Severe asthma affects 5-10% of asthmatics and is associated with a poor quality of life, excess morbidity and a disproportionate share of the economic costs related to asthma. It is characterized by persistent airway inflammation despite corticosteroid therapy. Lipoxins and 15-epi-lipoxins are a class of endogenous small molecules that are produced in the lung and downregulate inflammatory responses characteristic of the inflammation in severe asthma. Some individuals with severe asthma carry a defect in the generation of lipoxins, so excess inflammation in these individuals may result from decreased production of these protective mediators. Recently, inhibition of soluble expoxide hydrolase was demonstrated to increase production of lipoxins and 15-epi-lipoxins in lung inflammation. Soluble epoxide hydrolase converts arachidonic acid-derived epoxyeicosatrienoic acids (EETs) to their corresponding dihydroxy forms. Inhibition of soluble epoxide hydrolase leads to a relative increase in EETs and a shift in arachidonic acid metabolism that increases its enzymatic conversion to lipoxins and 15-epi-lipoxins. Potent inhibitors of soluble epoxide hydrolase are currently in clinical development, including a phase II trial for atherosclerosis. Taken together, there are multiple lines of evidence in murine and human model systems that would support a beneficial action for soluble epoxide hydrolase inhibition in asthma, but this has not been directly established. The proposed experiments will test the hypothesis that inhibition of soluble epoxide liydrolase will increase lipoxin generation in severe asthma. In CADET I, we propose to utilize samples of blood and bronchoalveolar lavage fluid from individuals with severe asthma for two specific aims to: }} Validate soluble epoxide hydrolase inhibition as a therapeutic target to increase lipoxin generation in asthmatic inflammation, and }} Develop a non-invasive method to identify the sub-population of severe asthma subjects that have low airway levels of lipoxins. The proposed experiments will set the stage for a clinical trial in CADET II that will test the benefits of a soluble epoxide hydrolase inhibitor in subjects with steroid resistant severe asthma and low lipoxin generation.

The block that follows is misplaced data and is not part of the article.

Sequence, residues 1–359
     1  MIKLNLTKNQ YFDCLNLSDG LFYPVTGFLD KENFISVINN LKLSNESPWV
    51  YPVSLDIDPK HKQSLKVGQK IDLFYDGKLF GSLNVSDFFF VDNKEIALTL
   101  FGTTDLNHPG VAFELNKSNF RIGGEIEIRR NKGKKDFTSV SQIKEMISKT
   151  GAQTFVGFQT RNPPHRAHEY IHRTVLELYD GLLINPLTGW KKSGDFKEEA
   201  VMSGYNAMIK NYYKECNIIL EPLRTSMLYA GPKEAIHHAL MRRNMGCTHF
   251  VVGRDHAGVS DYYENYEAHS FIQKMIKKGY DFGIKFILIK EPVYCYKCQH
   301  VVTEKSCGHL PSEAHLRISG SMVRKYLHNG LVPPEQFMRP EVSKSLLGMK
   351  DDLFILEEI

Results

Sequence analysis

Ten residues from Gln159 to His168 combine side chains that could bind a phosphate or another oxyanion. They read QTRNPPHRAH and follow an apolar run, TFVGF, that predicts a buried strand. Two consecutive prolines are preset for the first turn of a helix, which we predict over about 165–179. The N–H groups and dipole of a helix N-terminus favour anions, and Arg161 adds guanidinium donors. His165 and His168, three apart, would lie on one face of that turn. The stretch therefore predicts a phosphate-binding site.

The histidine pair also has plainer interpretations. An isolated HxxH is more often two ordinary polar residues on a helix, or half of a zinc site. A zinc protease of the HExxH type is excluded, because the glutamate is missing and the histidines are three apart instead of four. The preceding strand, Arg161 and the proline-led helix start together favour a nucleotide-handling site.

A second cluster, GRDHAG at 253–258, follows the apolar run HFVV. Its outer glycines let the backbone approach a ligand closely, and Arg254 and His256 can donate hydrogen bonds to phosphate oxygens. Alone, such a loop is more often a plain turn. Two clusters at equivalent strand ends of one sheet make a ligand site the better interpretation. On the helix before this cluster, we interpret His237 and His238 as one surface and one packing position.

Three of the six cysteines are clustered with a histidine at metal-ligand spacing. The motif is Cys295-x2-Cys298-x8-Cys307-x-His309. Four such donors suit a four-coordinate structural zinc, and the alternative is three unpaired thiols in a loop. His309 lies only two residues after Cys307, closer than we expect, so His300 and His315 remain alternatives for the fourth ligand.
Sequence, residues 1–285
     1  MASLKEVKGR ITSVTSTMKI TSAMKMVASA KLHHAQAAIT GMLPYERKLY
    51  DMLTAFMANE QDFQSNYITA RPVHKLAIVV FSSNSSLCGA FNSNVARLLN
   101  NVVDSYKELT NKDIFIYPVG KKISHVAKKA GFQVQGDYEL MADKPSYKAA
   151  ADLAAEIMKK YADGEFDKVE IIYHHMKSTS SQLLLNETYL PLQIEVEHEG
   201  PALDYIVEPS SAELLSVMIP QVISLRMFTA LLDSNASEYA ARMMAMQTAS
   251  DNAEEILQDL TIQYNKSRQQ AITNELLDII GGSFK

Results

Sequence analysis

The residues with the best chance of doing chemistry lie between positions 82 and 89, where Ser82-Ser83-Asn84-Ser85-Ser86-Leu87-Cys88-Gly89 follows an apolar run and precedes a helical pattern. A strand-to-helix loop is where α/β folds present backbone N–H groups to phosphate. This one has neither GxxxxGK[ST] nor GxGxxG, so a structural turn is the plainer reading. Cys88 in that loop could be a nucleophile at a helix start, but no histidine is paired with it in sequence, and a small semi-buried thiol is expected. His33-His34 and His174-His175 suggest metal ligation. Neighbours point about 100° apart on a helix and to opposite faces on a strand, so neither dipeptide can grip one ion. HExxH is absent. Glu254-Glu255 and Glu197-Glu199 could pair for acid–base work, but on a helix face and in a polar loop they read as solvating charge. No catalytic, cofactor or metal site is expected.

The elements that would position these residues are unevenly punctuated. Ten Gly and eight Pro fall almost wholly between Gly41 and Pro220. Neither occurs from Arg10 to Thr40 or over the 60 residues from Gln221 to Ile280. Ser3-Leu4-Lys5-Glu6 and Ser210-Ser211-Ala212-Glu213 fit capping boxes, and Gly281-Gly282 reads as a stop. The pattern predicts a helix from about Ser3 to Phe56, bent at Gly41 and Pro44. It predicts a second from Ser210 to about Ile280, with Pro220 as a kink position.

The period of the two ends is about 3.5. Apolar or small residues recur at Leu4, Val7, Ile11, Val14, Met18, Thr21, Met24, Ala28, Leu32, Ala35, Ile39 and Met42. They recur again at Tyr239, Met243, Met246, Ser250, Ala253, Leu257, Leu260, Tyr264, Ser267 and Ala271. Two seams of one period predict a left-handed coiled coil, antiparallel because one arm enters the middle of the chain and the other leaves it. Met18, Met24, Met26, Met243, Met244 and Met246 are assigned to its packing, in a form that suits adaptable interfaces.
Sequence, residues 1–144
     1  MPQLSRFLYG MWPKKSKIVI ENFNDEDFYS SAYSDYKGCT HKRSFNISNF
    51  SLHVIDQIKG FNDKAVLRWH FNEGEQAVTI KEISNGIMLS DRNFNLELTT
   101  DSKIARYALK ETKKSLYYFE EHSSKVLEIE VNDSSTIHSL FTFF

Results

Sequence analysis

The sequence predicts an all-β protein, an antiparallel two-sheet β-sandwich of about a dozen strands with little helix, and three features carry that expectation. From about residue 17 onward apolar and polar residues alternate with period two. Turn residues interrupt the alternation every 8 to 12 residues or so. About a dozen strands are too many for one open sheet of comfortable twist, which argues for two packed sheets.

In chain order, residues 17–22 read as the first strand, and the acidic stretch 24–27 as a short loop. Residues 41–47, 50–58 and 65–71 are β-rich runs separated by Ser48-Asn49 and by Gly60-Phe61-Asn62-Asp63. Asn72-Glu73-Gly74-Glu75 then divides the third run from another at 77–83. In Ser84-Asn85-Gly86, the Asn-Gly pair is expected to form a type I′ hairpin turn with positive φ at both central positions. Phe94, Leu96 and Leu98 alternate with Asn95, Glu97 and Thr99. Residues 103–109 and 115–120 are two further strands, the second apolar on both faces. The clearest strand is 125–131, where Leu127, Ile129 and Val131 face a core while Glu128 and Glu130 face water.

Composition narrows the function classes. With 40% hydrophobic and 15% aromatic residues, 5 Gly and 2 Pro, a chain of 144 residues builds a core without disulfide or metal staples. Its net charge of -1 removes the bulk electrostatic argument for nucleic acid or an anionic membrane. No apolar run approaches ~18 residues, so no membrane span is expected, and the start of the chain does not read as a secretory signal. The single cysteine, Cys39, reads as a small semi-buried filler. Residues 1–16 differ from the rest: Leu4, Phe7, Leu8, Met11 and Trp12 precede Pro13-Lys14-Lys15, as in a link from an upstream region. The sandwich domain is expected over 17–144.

(See Instructions): Patients with severe asthma do not respond to anti-inflammatory controller therapy, including corticosteroids, and thus experience excess morbidity and a greater need for healthcare support. In this proposal, we will utilize samples collected in a funded, multicenter clinical trial of ninety subjects with severe asthma to (1) validate soluble epoxide hydrolase inhibition as a potential novel therapeutic target and (2) develop a non}} invasive method to identify individuals with severe asthma that are most likely to benefit from this therapy.
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